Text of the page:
There were always plenty of things to do at the fairgrounds even for young kids with no money. During the county fair, they could sit in the grandstands for hours and watch harness racing. Brad, at that young age, didn’t know about betting on horse races, but he and a friend would each pick a horse every race and keep track of who had the most winners. But the midway was always Brad’s favorite part of the fairground. Even when he didn’t have any money, he would walk up and down and study all the games and try to figure out how he one day would be able to beat them.
By the time he was 10, Brad finally found a way to earn a little “fair money.” His parents would pay him 10 cents a row to weed the corn in their large family garden. Brad still remembers that those long rows seemed endless in the hot sun. But he loved the jingle in his pockets as he hurried to the fairground – and straight to the midway. His favorite game was the Coin Toss, where a board was painted with unbelievably small squares and circles that contained various numbers. Land on a number and that was the multiplier of your winning bet. But if your coin touched a line anywhere, you lost your bet.
One day Brad was “loaded,” with a dime and 6 or 7 pennies in his pocket, a bankroll swelled up by one “corn” dime and many pennies from several winning sessions on the Coin Toss on previous days. He was back at the game now, ready to make his usual penny bet. He dug in his pocket, pulled out a coin, leaned over the rail, and quickly threw it. Oops, it touched a line and the lady carny put her hand down to scoop it up. Just then Brad realized it was not a penny – he had accidentally thrown the “corn” dime. The lady must have seen the agonized look on his face as he explained he hadn’t meant to throw the dime. Knowing he was a frequent customer who always bet just a penny, she kindly gave him back his dime.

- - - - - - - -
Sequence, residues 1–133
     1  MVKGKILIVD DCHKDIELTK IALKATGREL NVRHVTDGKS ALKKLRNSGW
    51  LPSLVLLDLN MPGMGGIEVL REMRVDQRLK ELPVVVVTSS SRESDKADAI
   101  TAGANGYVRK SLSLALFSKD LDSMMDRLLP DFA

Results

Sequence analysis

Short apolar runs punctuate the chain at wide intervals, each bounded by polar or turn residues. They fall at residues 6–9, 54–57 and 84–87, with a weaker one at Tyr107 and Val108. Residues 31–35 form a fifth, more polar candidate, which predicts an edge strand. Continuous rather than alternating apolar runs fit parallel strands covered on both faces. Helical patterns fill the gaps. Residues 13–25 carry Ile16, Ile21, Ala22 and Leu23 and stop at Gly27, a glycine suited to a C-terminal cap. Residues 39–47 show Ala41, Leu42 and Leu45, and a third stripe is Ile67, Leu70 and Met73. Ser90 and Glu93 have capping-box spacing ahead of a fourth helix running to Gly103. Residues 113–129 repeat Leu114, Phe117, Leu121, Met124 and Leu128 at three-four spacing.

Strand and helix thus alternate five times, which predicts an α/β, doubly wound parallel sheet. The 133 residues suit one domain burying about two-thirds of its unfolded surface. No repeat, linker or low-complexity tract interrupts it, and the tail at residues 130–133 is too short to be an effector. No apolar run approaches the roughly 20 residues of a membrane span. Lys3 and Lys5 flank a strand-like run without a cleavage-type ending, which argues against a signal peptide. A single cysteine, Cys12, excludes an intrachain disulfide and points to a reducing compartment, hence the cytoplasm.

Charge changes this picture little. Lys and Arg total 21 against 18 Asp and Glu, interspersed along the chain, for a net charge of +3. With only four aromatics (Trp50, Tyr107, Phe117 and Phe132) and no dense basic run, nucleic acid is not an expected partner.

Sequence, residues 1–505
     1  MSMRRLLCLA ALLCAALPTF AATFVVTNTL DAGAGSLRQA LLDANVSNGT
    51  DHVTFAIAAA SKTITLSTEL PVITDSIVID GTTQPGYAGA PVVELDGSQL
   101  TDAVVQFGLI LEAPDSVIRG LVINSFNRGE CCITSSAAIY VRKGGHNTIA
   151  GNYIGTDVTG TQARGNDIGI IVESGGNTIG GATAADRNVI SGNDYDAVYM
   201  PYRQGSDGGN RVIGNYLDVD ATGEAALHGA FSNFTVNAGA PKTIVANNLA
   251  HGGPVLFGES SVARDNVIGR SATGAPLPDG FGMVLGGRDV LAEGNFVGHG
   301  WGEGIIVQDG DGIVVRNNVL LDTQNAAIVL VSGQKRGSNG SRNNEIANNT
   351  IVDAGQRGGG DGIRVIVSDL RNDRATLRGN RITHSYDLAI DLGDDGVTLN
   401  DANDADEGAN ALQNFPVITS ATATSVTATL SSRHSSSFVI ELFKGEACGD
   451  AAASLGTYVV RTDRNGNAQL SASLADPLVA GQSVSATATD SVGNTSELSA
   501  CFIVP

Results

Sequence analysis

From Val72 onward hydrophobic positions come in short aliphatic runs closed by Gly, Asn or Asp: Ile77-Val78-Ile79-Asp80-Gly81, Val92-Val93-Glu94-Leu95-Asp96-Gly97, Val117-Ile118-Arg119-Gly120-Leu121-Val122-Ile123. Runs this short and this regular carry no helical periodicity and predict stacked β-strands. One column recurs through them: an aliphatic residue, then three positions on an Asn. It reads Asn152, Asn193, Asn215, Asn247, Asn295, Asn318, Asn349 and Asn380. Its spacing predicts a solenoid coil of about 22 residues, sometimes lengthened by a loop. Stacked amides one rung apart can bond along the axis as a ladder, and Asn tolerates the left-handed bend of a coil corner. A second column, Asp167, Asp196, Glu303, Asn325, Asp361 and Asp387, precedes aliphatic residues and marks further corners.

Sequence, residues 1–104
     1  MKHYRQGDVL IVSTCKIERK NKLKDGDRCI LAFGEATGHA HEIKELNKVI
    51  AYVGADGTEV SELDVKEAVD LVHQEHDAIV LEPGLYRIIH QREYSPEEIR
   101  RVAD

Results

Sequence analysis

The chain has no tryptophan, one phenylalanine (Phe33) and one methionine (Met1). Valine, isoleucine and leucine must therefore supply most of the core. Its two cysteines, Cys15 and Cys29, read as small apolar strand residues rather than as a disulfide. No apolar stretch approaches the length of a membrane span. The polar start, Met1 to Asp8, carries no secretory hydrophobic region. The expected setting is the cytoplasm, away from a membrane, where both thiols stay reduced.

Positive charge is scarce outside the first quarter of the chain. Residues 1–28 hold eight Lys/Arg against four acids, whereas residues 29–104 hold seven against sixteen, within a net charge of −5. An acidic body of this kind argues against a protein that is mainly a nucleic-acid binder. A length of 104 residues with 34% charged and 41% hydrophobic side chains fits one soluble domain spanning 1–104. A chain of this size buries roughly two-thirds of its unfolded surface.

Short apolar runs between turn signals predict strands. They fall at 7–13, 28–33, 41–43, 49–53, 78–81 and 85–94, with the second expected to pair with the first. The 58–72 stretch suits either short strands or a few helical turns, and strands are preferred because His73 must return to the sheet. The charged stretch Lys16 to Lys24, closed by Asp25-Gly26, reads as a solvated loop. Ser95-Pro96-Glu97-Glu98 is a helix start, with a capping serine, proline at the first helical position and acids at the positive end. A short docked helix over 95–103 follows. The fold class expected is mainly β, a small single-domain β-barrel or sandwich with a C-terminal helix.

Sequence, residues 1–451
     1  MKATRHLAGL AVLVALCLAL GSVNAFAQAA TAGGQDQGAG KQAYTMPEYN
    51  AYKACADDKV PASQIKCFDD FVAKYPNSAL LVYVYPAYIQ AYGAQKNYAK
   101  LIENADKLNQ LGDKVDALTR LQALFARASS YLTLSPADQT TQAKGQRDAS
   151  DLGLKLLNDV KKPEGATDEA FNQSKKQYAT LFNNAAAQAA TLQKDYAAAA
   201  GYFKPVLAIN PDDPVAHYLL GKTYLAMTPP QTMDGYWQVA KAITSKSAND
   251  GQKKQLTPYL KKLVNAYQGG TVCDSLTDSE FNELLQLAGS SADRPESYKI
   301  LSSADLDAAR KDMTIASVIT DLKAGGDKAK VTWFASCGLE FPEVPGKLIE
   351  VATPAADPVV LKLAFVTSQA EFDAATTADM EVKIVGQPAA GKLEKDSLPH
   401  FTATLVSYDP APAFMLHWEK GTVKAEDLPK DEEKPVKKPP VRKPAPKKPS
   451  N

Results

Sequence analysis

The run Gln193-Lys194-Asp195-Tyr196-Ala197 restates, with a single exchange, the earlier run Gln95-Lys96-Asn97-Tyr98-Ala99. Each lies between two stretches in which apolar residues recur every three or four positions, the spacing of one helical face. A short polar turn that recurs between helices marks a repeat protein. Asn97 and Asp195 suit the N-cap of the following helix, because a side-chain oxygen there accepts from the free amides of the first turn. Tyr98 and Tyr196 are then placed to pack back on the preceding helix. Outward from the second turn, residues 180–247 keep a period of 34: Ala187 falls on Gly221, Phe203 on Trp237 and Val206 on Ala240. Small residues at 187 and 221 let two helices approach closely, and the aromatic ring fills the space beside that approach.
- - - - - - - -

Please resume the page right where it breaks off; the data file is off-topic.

Brad doesn’t remember making another “mistaken bet” until 1987, when we were on our first overseas trip together, a gambling junket to Monte Carlo (the real one, not the one in Las Vegas!). We went into the casino and sat down at different blackjack tables. After about an hour, I got up to go see how he was doing. When I got to his table, he had a blackjack showing and that made me smile. But when the dealer was giving him a stack of chips, my happiness suddenly turned to horror. The minimum bet the junket required of us was already seriously stretching our then-much-smaller bankroll, but Brad was betting FIVE TIMES that much. While exchanging our American money into French franc chips, he had gotten confused and had been betting about $250 a hand instead of $50.
Fortunately he had won a little during that “mistake” session, so no harm was done to our bankroll. But we both remember that scare quite vividly. However, Brad says that scare was not nearly as heart stopping as the one he had at the fair 69 years ago.